Together McLeod and Lavios echoed the sentiment of Sunshine being a hangout spot and also commented the store is one of the few places that really played music, as opposed to muzak, from Beaman’s extensive music collection. Also his ability on the dance floor. “At the community dances at Echo Hollow he was so fluid and that really attracted attention,” Lavois recalled.
That sense of rhythm extended to his musical ability. Gordon was a talented singer and musician, and played guitar, drums, and cornet. He would often sit in with local bands on horn, playing at venues such as The Upper Crust. Gordon had an eclectic musical taste and could play all sorts of complicated African rhythms on drums.
“At its height Sunshine was the place to be and most of the people I know now I met at the store. Gordon could be hysterically funny and quite quippy. He could drop one-liners as well as go off on a tangent that would leave you just gasping for breath. My then-partner Sage wanted to write a book called ‘Store Stories’ describing all the magical things that happened there.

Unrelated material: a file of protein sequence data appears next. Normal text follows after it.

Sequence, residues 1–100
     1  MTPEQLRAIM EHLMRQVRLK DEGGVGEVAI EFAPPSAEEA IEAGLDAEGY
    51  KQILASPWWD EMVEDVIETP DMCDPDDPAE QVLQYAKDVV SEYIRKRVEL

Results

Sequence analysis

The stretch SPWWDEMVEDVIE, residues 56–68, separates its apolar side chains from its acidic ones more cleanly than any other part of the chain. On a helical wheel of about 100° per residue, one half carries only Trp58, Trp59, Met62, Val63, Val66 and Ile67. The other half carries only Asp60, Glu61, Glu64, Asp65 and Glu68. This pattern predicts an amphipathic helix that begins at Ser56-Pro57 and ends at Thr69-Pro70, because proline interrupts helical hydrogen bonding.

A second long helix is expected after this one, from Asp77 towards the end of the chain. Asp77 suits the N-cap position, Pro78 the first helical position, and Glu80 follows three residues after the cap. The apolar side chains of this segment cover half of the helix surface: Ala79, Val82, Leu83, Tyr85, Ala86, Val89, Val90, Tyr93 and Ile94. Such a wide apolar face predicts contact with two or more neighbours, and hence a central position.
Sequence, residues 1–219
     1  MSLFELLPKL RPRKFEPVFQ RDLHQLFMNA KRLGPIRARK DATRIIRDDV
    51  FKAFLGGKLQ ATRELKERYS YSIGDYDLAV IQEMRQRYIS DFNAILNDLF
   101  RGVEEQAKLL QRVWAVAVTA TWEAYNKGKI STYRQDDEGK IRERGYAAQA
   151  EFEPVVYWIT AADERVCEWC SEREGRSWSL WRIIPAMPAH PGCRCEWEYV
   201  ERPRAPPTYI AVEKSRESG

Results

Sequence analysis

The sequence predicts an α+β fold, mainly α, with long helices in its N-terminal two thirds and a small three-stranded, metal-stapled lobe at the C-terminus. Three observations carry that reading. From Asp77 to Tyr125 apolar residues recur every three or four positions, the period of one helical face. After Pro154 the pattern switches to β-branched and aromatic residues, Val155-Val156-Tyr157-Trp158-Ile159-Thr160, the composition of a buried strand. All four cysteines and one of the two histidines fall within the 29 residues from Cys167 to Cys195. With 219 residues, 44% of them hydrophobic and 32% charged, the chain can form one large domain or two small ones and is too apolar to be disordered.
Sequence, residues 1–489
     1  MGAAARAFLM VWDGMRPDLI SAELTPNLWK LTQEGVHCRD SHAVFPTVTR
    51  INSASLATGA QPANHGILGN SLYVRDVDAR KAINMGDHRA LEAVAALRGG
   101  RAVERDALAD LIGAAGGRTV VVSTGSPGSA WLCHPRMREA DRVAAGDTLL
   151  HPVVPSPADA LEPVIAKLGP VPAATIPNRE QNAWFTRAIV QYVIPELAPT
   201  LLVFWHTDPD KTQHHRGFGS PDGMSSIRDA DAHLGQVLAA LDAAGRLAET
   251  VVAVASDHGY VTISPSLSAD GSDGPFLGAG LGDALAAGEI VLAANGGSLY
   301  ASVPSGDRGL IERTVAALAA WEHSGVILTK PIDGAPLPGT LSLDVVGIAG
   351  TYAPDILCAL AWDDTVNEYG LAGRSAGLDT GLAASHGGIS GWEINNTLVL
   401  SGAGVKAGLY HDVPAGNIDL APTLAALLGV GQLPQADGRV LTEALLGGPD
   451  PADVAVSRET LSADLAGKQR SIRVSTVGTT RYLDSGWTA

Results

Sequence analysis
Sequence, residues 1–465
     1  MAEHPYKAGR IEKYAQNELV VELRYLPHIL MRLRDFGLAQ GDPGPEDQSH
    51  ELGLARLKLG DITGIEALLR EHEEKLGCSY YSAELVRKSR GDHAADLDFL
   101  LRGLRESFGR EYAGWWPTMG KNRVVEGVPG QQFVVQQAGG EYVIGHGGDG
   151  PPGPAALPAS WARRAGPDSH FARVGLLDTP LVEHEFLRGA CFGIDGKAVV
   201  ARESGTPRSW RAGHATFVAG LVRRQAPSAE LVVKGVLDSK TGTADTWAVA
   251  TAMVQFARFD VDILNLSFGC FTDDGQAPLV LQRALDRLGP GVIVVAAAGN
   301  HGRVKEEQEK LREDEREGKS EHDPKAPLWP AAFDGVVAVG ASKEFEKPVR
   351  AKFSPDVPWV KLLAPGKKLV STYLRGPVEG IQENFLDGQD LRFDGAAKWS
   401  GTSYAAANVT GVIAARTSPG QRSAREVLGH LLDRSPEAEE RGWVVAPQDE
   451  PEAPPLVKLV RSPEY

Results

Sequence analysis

“Even though the cafe portion of the store had closed after the first few years Gordon never gave up his vision for having a restaurant there. The log-cabin look to the interior is part of that and there is a stove and pizza oven still in the back,” Palmer said.
“Gordon, in addition to his many other talents, was a very gifted painter, and really viewed himself as ‘Renaissance Man,’” Boyett said.
“He was known an intensely private person who also closely guarded others privacy. Being in the store, Gordon could have been the biggest gossip in town with all the people coming through, but he was quite cautious about inquiring into other’s business without their permission,” a speaker at the memorial said.